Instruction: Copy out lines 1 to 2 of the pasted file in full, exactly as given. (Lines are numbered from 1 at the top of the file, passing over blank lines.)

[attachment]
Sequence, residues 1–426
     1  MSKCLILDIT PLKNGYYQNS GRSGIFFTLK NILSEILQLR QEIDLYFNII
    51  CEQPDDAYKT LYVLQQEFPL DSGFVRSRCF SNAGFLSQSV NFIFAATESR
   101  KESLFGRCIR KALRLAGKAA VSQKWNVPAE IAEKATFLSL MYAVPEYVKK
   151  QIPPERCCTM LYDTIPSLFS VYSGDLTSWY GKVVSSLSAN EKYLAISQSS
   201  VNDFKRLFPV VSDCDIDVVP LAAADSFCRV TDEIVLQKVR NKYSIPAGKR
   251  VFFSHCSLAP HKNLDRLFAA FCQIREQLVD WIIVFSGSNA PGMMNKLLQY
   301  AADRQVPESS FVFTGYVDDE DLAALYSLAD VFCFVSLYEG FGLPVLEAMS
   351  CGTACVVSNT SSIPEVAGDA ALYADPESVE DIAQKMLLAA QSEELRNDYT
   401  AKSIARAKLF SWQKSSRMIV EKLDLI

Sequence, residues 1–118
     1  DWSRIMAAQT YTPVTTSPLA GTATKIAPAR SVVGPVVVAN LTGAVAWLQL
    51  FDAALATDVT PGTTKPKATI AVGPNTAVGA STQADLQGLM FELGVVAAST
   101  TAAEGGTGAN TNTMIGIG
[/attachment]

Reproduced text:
Sequence, residues 1–426
     1  MSKCLILDIT PLKNGYYQNS GRSGIFFTLK NILSEILQLR QEIDLYFNII